This blog isn’t really for political stuff, but this will tie in (slightly), so I’ll put this here. I’ll start out by saying all for men and women having modern medicine as it relates to sex, and I’m all for access to abortion services, contraceptives, etc. If I had a company, when it got the size that offering comprehensive health insurance made since, I’d include all those services without any hesitation. I think the moment a fetus can survive outside the body is the moment it’s murder. That’s not until at least the third trimester, and even then, if there’s any doubt, the rights go to the woman. That doesn’t mean I support a person’s right to do drugs while they’re pregnant. I think that’s fucked up and wrong. I just don’t think a fetus is a person yet. That’s where I’m at.
I’m okay with the Hobby Lobby decision. I don’t feel super strongly either way, but I’m okay with it because it restricts access to relatively cheap services in exchange for more freedom running a business.
It forces Hobby Lobby employees to self-insure for 2 kinds of emergency contraception, each costing around $60 without insurance, as well as for an IUD which costs more like $500 – $1000. Hobby Lobby doesn’t like the IUD because it can prevent a fertilized egg from implanting, and it considers that abortion.
Hobby Lobby insurance still covers the more traditional pill form of birth control, condoms, sponges, and sterilization procedures.
So if you work at Hobby Lobby and you want to not worry about getting a morning after pill, you need to have $60 for a rainy morning. Presumably, Hobby Lobby employees would demand lower health insurance premiums for this decreased level of service, and those premiums over time would pay out $60. If that isn’t true, an employee could also say, “your benefits suck, I’m going to get a better job somewhere else” and leave. Then Hobby Lobby incurs associated with employee turnover, and this hurts their profits.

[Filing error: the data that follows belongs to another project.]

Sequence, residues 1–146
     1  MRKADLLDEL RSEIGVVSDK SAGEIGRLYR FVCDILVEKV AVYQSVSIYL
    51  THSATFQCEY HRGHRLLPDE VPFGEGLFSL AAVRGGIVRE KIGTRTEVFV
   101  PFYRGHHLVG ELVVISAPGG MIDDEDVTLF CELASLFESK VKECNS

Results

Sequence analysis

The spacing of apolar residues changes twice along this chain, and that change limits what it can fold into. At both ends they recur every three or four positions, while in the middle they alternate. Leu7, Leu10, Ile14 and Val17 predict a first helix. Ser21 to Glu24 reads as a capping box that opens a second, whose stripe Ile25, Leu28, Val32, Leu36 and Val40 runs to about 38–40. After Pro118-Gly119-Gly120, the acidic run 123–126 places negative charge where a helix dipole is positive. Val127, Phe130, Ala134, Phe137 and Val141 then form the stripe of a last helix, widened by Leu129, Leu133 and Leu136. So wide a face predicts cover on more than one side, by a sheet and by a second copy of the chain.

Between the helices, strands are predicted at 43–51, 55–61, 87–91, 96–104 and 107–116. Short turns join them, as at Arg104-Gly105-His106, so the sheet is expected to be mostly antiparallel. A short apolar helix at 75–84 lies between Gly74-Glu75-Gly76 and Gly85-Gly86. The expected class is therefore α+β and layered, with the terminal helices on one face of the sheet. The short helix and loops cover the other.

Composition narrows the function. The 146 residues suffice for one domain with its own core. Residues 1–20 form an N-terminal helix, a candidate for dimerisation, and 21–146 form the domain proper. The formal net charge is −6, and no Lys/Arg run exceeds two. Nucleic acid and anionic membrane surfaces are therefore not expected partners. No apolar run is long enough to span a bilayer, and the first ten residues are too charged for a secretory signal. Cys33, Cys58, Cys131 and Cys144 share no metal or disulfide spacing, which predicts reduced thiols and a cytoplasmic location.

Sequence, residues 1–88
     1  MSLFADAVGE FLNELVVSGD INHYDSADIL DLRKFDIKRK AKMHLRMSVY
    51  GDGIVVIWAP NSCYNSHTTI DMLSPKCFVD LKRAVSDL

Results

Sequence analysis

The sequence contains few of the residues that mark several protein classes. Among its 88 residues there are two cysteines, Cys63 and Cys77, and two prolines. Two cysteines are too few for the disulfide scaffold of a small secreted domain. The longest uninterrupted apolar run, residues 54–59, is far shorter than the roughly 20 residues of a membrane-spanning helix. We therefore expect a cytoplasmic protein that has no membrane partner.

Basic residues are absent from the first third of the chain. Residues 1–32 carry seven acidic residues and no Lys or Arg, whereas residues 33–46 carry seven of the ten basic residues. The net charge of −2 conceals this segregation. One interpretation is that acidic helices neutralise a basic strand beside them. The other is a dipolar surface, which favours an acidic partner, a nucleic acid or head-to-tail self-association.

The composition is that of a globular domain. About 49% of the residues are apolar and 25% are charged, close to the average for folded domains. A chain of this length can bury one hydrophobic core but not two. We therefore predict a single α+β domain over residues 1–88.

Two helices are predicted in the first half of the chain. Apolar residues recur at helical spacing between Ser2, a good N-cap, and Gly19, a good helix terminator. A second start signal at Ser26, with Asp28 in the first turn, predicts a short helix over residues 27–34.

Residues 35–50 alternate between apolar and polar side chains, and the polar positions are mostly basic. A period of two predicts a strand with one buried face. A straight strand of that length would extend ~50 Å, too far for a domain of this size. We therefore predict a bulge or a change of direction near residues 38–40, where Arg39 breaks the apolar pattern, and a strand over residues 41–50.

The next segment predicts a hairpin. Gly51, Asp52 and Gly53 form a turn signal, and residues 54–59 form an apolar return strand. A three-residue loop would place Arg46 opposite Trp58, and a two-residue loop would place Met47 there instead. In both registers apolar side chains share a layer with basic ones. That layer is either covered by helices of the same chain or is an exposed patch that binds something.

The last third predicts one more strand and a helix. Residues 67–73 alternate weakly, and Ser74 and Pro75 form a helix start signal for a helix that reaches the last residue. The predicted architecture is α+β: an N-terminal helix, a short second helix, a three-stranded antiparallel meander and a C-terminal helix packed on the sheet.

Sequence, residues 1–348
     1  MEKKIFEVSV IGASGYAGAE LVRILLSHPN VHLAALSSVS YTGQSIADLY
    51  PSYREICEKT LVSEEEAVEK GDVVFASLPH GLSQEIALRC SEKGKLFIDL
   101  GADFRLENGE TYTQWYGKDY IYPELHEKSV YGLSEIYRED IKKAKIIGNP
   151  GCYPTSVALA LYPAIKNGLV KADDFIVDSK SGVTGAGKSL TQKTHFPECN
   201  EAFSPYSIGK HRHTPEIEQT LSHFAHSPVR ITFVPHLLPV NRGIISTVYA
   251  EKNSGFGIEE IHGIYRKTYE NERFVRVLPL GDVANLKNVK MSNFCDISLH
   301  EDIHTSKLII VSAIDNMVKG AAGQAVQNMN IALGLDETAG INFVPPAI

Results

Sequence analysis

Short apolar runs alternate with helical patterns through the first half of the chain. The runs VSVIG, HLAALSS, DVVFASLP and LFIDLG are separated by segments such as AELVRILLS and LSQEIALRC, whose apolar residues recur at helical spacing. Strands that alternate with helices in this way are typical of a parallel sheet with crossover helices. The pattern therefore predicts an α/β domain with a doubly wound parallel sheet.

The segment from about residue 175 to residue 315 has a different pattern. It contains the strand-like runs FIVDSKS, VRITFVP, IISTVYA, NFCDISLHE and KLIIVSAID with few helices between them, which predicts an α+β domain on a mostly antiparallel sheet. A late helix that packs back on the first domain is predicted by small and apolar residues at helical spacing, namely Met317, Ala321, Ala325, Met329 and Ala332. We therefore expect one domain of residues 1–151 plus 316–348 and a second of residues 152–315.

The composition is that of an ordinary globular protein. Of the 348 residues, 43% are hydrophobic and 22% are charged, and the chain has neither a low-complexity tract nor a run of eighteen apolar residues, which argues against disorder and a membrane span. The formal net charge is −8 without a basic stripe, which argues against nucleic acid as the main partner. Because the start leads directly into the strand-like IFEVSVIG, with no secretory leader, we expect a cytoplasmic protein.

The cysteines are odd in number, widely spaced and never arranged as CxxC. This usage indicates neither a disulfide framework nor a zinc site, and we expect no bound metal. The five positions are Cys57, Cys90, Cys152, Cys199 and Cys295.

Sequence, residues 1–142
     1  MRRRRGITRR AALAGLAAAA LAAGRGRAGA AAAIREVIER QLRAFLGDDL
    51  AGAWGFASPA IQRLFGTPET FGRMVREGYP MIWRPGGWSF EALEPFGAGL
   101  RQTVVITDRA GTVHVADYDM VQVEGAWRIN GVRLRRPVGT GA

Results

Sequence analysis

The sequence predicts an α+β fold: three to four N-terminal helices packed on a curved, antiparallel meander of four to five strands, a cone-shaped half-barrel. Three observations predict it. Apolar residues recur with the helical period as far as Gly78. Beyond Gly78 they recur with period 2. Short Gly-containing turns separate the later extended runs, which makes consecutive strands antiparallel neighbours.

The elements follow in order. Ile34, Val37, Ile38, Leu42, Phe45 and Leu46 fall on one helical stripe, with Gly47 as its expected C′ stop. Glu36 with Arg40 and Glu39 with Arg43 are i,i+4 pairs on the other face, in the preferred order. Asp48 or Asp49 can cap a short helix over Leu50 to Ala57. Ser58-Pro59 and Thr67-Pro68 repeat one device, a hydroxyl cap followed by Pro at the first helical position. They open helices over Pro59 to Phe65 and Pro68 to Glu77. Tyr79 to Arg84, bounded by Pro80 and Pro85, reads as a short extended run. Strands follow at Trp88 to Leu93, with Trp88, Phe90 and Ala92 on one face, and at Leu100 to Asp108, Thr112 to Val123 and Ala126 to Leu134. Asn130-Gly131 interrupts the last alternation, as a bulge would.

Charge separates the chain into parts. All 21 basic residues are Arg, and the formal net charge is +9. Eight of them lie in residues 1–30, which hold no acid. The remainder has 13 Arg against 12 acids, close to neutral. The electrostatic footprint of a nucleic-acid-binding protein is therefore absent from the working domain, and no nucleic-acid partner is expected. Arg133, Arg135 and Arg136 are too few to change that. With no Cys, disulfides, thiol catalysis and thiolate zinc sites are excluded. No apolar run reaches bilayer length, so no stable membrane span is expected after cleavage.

As for the IUD, it’s a harder argument. Broadly, an IUD costs the same for everybody, it’s just with insurance that cost is spread out over a bunch of premium payments. It could be argued that insurance companies can negotiate lower IUD prices, so excluding it from insurance increases the cost a bunch. So people who want IUD maybe won’t find Hobby Lobby’s benefits compelling, and Hobby Lobby will have a harder time finding quality employees. I don’t believe an IUD is ever an emergency procedure [update: it can be installed “the morning after” as an emergency contraceptive – not sure how often it is used in this way, although it does seem to be very effective as an emergency contraceptive], and it seems there are several insured forms of birth control available under Hobby Lobby’s insurance (pills, condoms, sponges, etc.). So not insuring the IUD doesn’t really seem like a big deal for most people. Those people who want to pay $500-$1000 out of pocket for an IUD, yes that’s expensive. Those people have other employment options. They can also sell something or get another job.
A point I want to make is that having savings is important so that people can’t fuck with you. When a morning pill is a big deal because the uninsured cost is $60, you need some more savings. You can’t arrange your financial life so that $60 causes a bunch of drama.
The overall point I want to make is that despite all the drama, it doesn’t seem like Hobby Lobby’s decision to drop healthcare coverage for these things is going to have a big impact on its workers. The broader implications are all hypothetical. Other companies could have chosen to drop healthcare provisions in the past, but they choose not to because they want the advantages of the healthcare and to offer an attractive benefits program. I may not agree w/ Hobby Lobby’s decision here, but I respect that the founder has earned and given over $500M to causes he believes in. Most of the people complaining haven’t worked nearly that hard. Rather than complain, they should work at night to create companies where disgruntled Hobby Lobby employees can enjoy full healthcare coverage.